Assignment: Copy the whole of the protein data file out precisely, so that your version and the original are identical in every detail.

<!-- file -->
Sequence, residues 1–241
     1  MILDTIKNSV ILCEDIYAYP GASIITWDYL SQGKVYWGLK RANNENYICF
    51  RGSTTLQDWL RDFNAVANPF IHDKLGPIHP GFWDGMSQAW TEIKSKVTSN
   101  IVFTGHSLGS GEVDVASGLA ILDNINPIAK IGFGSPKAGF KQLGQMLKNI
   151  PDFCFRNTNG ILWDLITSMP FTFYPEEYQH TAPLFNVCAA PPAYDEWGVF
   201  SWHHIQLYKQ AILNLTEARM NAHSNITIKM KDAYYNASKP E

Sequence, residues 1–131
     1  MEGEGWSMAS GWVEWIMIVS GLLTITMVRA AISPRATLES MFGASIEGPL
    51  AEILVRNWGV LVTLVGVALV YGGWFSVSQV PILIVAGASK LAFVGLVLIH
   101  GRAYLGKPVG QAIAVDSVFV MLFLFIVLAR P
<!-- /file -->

Sequence, residues 1–241
     1  MILDTIKNSV ILCEDIYAYP GASIITWDYL SQGKVYWGLK RANNENYICF
    51  RGSTTLQDWL RDFNAVANPF IHDKLGPIHP GFWDGMSQAW TEIKSKVTSN
   101  IVFTGHSLGS GEVDVASGLA ILDNINPIAK IGFGSPKAGF KQLGQMLKNI
   151  PDFCFRNTNG ILWDLITSMP FTFYPEEYQH TAPLFNVCAA PPAYDEWGVF
   201  SWHHIQLYKQ AILNLTEARM NAHSNITIKM KDAYYNASKP E

Sequence, residues 1–131
     1  MEGEGWSMAS GWVEWIMIVS GLLTITMVRA AISPRATLES MFGASIEGPL
    51  AEILVRNWGV LVTLVGVALV YGGWFSVSQV PILIVAGASK LAFVGLVLIH
   101  GRAYLGKPVG QAIAVDSVFV MLFLFIVLAR P